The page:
Reflections on The Dirty Duel


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This morning I raced in a 5-6K trail run that gave runners two options: "short and brutal" or "longer and a little less brutal." The two options were intended to represent equivalent opportunities. I chose the short course.

I did something I never do before a race: I warmed up. I'm now convinced this is essential--particularly in a 5K race. I ran 25 minutes of trail from 8:00-8:25 prior to the 9:00 a.m. start. I broke a good sweat but wasn't even close to feeling fatigue, just warmed up. The idea (I had read) was to get the heart rate up and prepare the body so that it didn't have to shift through all the warm-up gears during the race. I certainly felt that at the 9:00 gun I could run my faster pace in the first mile without getting way out ahead of my aerobic system.

The race went well. I was second in my 50+ age group, and I felt up to the challenge. I also like the $15 Gazelle gift certificate I won.

Maybe the lingering thoughts I have from the day are about the nature of competition. Competition is an age-old human calling. Some people seem to have the bug more than others. I think I'm kind of in the middle. I like to win; I like the emotional feeling of victory. I guess at some basic level it causes us to feel good about ourselves. And as everyone that has ever competed knows, competition functions on two levels: against the self and against others. It's socially acceptable to compete against the self, a little less so to compete against others--unless you are a gifted athlete, then everyone understands. If not, it appears . . . uh, "competitive" in the pejorative.

The people I run with work hard every week to become better runners. It is fun to see these folks compete and feel good about their accomplishments. Competitive or not, the thing that seemed to bind together the 400-plus runners there today, was the craving for accomplishment and the satisfaction of establishing benchmarks and personal records.

Having endured, feels good. I think that's a big part of why we are there. We all run multiple times each week, but there seems to be some craving to have moments of closing and satisfaction, to tie off a week or a month or several months of running with a permanent record that is archived somewhere on a website, recorded forever in the replicating power of cyberspace. It's less about how fast we run or the finishing place, but more about just pulling together countless running threads into one final event. Then we start again. Our next run is a kind of new beginning that will build over weeks, months (maybe for some even years) and then once again find its satisfaction and ending in some race somewhere.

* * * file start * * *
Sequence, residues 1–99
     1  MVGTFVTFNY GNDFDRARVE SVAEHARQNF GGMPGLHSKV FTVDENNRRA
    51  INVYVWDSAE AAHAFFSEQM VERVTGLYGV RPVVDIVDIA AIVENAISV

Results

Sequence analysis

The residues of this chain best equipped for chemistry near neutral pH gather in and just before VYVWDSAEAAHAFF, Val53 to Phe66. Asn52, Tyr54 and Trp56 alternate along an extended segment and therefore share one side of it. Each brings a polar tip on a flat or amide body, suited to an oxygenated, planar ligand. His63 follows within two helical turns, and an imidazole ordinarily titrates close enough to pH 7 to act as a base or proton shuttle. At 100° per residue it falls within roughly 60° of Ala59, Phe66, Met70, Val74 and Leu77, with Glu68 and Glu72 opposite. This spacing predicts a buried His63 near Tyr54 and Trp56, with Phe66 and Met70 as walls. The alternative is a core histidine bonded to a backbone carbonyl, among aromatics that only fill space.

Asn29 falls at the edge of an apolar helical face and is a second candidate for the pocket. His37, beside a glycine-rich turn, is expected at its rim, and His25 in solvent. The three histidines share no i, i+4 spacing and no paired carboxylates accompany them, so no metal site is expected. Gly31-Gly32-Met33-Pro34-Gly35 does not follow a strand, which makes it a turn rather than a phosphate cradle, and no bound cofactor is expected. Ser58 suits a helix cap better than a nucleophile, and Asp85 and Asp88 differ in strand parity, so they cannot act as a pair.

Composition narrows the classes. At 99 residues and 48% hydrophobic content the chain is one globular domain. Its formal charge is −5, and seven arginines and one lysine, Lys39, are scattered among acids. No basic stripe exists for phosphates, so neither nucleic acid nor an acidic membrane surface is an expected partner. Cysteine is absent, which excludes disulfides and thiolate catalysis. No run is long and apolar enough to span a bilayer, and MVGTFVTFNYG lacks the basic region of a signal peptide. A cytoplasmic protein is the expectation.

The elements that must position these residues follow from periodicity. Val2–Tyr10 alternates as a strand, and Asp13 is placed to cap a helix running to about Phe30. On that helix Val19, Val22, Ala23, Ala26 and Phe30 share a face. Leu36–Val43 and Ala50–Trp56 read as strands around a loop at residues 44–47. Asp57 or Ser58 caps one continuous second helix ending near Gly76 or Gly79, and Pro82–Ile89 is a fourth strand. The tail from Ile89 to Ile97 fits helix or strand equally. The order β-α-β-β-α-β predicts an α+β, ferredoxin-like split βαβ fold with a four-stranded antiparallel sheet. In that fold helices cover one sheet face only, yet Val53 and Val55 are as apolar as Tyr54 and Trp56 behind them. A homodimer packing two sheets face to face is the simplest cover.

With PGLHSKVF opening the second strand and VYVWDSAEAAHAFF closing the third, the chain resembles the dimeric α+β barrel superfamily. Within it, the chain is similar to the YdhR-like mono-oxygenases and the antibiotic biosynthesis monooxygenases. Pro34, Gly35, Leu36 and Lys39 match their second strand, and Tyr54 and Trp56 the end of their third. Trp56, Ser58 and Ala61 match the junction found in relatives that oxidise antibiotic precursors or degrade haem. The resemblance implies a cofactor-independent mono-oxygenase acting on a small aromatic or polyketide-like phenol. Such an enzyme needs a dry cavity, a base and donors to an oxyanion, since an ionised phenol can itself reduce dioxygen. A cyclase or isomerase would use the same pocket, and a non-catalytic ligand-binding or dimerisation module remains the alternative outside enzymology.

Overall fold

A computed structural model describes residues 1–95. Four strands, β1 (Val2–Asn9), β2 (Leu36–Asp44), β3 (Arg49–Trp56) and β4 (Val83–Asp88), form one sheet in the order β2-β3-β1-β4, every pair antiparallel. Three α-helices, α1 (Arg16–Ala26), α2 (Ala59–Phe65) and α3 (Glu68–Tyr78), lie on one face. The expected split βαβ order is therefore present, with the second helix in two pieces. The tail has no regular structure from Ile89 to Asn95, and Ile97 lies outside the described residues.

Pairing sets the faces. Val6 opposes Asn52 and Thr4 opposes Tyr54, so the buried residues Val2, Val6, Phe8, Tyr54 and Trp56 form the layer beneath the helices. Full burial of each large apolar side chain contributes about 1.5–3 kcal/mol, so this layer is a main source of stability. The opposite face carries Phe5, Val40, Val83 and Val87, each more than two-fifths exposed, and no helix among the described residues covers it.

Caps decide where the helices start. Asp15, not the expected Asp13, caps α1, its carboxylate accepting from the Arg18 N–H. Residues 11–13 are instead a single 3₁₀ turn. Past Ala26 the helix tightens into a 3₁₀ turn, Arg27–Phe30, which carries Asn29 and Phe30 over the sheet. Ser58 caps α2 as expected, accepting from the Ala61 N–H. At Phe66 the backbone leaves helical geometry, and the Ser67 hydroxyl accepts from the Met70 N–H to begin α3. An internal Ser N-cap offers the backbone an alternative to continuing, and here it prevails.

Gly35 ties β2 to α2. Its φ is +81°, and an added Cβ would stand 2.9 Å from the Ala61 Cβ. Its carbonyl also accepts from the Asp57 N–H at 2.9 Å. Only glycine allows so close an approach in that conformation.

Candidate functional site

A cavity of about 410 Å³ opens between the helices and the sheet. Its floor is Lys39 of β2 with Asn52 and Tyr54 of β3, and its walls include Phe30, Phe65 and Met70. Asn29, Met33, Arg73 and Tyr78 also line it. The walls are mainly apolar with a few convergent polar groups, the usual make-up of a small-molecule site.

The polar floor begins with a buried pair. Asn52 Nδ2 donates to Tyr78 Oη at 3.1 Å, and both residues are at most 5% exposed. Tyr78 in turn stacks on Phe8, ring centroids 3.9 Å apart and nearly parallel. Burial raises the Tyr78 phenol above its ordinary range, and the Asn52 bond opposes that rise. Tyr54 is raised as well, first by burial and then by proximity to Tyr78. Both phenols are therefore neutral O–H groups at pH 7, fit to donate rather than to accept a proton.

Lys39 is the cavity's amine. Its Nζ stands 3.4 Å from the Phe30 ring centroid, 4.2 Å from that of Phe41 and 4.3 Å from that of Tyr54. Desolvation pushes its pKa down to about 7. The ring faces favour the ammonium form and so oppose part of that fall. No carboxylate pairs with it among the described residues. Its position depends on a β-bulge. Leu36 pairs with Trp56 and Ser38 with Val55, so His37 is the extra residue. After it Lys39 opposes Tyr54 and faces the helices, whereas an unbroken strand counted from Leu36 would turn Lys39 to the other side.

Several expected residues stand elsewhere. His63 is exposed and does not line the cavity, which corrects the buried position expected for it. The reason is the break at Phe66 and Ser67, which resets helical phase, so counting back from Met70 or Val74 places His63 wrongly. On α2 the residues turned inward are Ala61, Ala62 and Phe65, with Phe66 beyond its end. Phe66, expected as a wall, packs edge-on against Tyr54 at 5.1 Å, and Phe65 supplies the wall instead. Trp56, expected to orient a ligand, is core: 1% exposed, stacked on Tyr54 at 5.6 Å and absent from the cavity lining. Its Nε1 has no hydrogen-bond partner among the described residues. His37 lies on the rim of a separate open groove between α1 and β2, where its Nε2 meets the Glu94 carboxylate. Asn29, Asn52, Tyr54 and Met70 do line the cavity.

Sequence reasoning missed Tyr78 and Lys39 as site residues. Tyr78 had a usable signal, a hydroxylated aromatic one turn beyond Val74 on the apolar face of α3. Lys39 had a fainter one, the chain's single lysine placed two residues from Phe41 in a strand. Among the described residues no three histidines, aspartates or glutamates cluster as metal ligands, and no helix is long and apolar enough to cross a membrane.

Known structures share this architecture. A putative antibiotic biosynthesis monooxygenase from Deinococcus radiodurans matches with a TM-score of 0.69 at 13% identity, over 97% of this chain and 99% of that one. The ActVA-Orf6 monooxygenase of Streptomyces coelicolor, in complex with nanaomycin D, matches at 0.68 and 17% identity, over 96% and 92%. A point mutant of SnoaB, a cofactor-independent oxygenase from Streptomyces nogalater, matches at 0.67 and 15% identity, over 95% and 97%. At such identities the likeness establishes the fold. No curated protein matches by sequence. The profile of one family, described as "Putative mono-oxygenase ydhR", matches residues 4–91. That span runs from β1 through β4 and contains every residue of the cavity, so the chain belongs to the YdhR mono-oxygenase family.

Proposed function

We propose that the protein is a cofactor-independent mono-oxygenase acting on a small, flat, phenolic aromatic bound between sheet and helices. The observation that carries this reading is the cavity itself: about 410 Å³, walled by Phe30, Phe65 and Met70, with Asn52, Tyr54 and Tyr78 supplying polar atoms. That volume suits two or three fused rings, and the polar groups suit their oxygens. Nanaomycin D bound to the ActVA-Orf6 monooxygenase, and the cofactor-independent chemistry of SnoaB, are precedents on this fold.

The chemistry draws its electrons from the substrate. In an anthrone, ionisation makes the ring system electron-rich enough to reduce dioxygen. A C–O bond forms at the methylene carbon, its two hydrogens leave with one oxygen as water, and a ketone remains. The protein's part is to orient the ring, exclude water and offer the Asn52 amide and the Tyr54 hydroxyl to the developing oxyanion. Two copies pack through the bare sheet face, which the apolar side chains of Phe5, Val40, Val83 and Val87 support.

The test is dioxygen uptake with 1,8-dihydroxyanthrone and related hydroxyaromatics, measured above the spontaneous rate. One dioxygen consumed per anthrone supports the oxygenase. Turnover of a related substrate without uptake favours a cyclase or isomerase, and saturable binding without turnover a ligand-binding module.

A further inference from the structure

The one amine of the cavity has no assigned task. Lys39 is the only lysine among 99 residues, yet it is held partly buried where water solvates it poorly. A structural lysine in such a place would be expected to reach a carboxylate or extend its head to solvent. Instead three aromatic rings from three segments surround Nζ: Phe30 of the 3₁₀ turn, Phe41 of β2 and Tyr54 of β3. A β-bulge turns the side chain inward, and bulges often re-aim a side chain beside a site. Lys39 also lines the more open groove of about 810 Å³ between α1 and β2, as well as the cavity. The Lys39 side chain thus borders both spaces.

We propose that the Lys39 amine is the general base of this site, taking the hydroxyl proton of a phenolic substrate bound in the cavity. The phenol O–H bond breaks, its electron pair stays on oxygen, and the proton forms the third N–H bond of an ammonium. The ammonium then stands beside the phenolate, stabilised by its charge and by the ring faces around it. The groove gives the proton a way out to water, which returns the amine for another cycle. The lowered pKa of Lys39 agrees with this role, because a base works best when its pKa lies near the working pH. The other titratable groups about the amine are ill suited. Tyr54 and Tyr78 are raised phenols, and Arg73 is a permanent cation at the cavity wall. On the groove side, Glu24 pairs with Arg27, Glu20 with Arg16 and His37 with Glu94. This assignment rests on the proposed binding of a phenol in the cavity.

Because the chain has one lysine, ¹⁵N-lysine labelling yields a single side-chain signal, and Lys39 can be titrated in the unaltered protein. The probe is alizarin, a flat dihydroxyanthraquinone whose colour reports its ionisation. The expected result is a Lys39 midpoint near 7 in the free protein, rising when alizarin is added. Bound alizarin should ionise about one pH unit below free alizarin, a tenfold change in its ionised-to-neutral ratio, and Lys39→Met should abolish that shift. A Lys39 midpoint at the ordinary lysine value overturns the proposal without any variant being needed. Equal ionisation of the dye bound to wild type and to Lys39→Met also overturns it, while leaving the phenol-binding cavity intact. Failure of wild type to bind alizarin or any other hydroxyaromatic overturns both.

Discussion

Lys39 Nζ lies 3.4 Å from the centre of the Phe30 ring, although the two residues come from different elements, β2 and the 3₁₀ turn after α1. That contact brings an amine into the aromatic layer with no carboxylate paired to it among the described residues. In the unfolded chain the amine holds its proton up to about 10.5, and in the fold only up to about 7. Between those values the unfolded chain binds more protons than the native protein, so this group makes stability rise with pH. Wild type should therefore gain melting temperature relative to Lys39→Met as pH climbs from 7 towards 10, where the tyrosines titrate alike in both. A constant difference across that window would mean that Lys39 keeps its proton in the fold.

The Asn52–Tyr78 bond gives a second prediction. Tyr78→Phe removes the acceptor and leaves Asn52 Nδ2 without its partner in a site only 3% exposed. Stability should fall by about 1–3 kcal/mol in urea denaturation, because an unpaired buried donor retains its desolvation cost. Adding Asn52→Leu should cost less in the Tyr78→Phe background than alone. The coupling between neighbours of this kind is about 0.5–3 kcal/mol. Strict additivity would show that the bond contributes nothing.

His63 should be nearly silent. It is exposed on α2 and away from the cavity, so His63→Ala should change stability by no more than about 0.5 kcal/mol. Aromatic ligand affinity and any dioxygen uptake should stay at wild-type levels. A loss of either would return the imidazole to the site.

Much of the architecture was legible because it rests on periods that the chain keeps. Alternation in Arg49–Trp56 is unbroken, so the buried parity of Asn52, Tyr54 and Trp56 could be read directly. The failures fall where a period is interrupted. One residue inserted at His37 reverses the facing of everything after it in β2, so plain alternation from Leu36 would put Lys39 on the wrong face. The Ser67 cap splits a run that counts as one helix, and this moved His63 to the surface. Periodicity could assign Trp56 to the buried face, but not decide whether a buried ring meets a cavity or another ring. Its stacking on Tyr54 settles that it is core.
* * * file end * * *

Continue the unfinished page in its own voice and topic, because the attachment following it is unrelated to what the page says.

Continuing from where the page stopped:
We wear a clock chip when we run these races. The clock times mean something. They mean more than we might admit and perhaps more than we fully understand.


annedj's picture

Nice blog and good job on your race.

Nicely written, Dan! I'm a middle-of-the-pack runner and always will be as I limit my runs to 1-3 times/week (I enjoy my cross training too much and need to watch my knees). Like you, I think I fit in the middle of the competitive spectrum. When I sign up for most races, I typically "train" for 4-6 weeks prior to the event, but I always have a certain time I want to achieve and usually keep it to myself. It's that sense of accomplishment that I can totally control; I'm the limiting factor to my success ... not like at work or home when you can't control everything (though the Dirty Duel is an exception with the bottle neck on some sections … ahhh, SINGLE track!). I think that is why I “compete.” Congrats again on a well run race!
dan royer's picture

Yes, your sense is like mine here. There's something nice about organizing the daily runs around something, some event. Thanks for creating an account on our site. I know you do marketing for Patagonia, and that marketing reviews or promotions are different from users reviews, but I bet you have a lot to share about running, the business of running, the trail running community in W Mich, or just your own experience with trails. So consider keeping a blog here. I know that readers would value your perspective on this crazy business of running trails.

Thanks, Dan! I created the account not because of my job, but because I wanted to share my personal, not professional, thoughts. That said, if I do have something interesting to share, I will be sure to share it (thanks for the invitation). I failed to mention that I recently signed up for my first 50k, which means I do have to train for more than 6 weeks and run more than 1-2 times per week (I officially picked up the mileage and added back-to-backs this weekend ... man, that's a long time to listen to yourself think. If you saw someone at Seidman on Sunday wearing a goofy hat and running very slowly was me!). Darn you trail runners and ambassadors. Did you have to be such an inspiration? So humble, kind, welcoming and down-to-earth and leading me to believe that I can do it. I am pretty sure I will be one and done, but am grateful I have a few new friends that are joining me on this crazy journey (I did run the Riverbank ...once, and will not do it again. Pavement sucks!).